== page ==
It was on my top list in my post Reading For Self Care.
“Active qigong includes stretching, deep breathing, low-impact conditioning, and isometrics. It increases range of motion, builds strength, increases stamina, and improves balance and coordination. Internally, qigong movements relax the fascia, the connective tissue that holds the internal organs in place, allowing the organs to work efficiently.” From The Way of QiGong.
Qigong focuses on the meridians and the internal organs. The flows and movements stimulate specific meridian and acupressure points, which are connected to specific organs and body systems. More information on meridians can be found in my post-Meridian Lines and Heal(y)ing.
Each organ also has its own sound, which you can use breathing techniques to help purge the stagnant qi as well!
The breathing during qigong is something I find really special. It is not just breathing with the movements, inhaling and exhaling, it is using that breath to in a sense power the movement. If the breath is slower the movement is slower, if the breath moves faster, so can the movement. To intentionally connect the breath and the movement at the same pace is a huge part of why this is so calming.
The Six Qi Method
This is a basic yet extremely profound qigong practice that one can incorporate into a daily routine, or as often as needed for any of one’s personal health needs.
This can be practiced standing or seating, just be mindful of your posture, and your breath, and try to relax and present in your body.
For each organ sound, you will breathe in through your nose, bringing in fresh qi.
Then you will exhale through the make while quietly, yet confidently, making the sound.
- Lungs: Locate your lungs with your mind and bring your attention there. As you breathe in imagine that fresh qi reaching all the air sacs, all the tissue and cells within the lungs with white healing light. As you exhale through the mouth whisper the chant See-ahh, making the sounds last. Repeat this twice.
- Kidneys: Visualize your kidneys within your body, and become aware of them. Inhale the fresh qi through the nose into the kidneys, filling them with an ocean blue light healing light. As you exhale, chant the sound Chrroooeee.
Repeat this twice more.
- Liver: Become aware of your liver, and set your intention upon it. Inhaling deeply the fresh qi, send it from your nasal passage down into the liver visualizing a forest green healing light. As you release the stagnant qi, make the sound Shuuu. This is done by saying Sh, like in hushh, and then rounding your lips into the U shape at the end. Repeat twice more.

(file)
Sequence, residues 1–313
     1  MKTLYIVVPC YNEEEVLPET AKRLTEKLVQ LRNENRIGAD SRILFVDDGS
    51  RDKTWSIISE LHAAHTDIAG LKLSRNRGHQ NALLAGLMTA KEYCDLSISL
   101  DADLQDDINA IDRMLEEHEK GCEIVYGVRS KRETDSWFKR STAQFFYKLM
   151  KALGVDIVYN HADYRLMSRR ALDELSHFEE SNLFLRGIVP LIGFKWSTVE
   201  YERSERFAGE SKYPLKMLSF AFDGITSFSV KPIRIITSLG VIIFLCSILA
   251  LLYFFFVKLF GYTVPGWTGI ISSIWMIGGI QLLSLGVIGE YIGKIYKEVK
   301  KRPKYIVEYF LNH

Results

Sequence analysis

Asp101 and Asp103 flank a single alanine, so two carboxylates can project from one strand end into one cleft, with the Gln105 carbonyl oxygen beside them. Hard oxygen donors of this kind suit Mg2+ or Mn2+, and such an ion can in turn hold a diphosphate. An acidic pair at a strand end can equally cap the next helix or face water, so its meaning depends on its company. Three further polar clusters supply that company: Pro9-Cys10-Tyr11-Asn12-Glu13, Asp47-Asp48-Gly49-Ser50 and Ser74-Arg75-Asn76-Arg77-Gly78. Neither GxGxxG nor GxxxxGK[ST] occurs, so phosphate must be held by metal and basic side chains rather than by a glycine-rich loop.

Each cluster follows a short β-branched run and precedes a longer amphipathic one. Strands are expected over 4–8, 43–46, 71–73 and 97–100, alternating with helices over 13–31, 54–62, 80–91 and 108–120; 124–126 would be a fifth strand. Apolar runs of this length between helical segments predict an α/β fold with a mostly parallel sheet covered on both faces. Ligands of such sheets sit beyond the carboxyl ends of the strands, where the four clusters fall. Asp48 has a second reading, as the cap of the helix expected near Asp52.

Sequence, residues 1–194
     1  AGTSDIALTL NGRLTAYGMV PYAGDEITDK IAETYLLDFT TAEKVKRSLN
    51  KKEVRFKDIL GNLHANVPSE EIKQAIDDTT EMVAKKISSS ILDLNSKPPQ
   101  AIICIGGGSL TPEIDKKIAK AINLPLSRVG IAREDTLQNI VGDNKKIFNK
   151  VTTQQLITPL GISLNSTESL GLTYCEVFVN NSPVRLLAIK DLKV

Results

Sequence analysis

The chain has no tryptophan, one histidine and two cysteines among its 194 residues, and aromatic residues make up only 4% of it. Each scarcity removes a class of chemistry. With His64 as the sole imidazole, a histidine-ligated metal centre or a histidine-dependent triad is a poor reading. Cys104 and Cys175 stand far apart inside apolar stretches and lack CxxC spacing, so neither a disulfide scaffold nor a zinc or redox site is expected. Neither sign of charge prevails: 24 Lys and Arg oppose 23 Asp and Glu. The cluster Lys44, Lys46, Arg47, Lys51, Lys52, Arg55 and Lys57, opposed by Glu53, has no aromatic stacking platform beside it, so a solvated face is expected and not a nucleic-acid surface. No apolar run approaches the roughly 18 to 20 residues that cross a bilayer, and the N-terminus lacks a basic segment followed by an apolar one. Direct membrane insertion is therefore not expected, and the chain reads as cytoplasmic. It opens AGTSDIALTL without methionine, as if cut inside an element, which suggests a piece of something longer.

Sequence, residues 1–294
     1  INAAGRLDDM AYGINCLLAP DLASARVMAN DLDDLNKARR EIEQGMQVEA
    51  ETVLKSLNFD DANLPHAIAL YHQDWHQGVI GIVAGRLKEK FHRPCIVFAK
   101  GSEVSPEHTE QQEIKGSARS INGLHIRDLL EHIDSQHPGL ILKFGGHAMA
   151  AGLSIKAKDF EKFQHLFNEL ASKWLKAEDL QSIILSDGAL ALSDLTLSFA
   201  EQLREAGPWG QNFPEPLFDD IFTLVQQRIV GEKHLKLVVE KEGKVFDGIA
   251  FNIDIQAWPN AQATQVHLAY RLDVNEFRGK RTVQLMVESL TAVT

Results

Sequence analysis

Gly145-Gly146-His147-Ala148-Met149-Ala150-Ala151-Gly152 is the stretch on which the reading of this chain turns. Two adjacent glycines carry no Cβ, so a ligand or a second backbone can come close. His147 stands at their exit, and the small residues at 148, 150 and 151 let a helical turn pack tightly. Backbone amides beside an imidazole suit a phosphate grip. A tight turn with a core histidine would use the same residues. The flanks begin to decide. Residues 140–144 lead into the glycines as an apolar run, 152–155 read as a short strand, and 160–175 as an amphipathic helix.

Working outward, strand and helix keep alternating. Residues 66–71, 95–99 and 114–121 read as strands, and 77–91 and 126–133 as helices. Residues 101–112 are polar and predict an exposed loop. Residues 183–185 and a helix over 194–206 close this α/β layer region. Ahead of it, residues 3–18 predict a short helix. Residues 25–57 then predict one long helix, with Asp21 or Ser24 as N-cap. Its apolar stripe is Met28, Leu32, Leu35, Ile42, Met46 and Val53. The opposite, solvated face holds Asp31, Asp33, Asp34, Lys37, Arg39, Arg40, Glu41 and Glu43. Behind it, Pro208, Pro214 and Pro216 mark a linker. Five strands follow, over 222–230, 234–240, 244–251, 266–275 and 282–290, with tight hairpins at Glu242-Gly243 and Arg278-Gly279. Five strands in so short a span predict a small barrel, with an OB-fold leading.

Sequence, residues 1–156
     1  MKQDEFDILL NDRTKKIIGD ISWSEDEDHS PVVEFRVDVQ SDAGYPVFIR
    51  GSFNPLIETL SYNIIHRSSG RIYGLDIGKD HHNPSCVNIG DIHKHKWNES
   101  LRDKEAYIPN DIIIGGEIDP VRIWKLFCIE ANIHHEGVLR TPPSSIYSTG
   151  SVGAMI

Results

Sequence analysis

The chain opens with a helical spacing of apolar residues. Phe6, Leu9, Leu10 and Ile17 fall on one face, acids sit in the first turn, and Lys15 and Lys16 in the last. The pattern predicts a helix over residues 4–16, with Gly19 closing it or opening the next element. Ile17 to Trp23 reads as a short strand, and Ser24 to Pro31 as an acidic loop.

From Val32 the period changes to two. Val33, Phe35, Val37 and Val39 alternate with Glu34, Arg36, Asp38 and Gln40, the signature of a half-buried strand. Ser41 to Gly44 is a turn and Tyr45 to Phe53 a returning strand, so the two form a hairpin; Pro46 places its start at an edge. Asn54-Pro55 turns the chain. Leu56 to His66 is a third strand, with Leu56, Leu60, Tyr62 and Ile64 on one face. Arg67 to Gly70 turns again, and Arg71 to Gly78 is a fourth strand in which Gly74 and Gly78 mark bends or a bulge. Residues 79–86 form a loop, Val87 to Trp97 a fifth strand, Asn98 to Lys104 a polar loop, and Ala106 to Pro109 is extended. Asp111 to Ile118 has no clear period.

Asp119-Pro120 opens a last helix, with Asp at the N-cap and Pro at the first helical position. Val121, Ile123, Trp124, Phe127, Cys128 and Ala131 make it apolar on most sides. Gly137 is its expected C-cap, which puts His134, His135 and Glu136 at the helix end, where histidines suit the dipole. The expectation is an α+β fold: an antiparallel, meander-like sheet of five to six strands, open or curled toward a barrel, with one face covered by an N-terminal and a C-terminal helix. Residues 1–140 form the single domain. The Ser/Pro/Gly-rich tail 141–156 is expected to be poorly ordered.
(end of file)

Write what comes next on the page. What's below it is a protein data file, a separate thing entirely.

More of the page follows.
- Heart: Focus on the heart, bringing attention to all the muscles, chambers, ventricles, and valves within the heart. As you bring in the fresh qi, imagine it permeating your beautiful heart with a red healing light. On the exhale, release the sound Ho, slowly and with appreciation. The sound is identical to hoo in the word “hook”. Repeat twice more.
- Spleen: Imagine your spleen, which is a small organ that begins in the stomach. While drawing your attention and your breath to your spleen, see a bright yellow healing light fill the area. As you purify the spleen and exhale through the mouth, make the sound Hoooo, just like the word who. Repeat twice more.
- Triple Burner: This is not an organ, but refers to a bodily function. This is the aspect of qi that helps to control the balance of heat and moisture within the three regions of the body: upper (heart and lungs), middle (spleen and stomach), and lower (liver and kidneys). Taking a deep inhale of pure qi in through the nose, feel that breath filling up your entire torso, bringing this vital energy to every organ. As you exhale the excess qi, exhale with the sound Seee. While making this sound, bring your mouth into a smile, and let this powerful intention of love and health radiate through your entire being.
Repeat this twice more.
When I started qigong I was looking for a way to incorporate movement and increase flexibility in my body.
What I didn’t know was that over the next few months I would also:
*Have increased energy for daily tasks
*Have more focus and concentration at work
*Appreciate the little things more
These things came over time, and at first, I didn’t notice right away, but I journal consistently, and by being able to have this little logbook and timeline, I could see that almost every day I wrote some version of the sentence “Today was a good day”.
Ups and downs, stressors, incidents, breakdowns, and all. At the end of almost every day, I could still say that it was a good day.
Qigong helped to change my perspective and is still changing my life.
I hope this article has encouraged you to check out some of the recommended content and start this qigong journey for yourself.
As with everything I share here, there are no side effects.
Nothing can go wrong.
You only have everything to gain.
Love and vibes,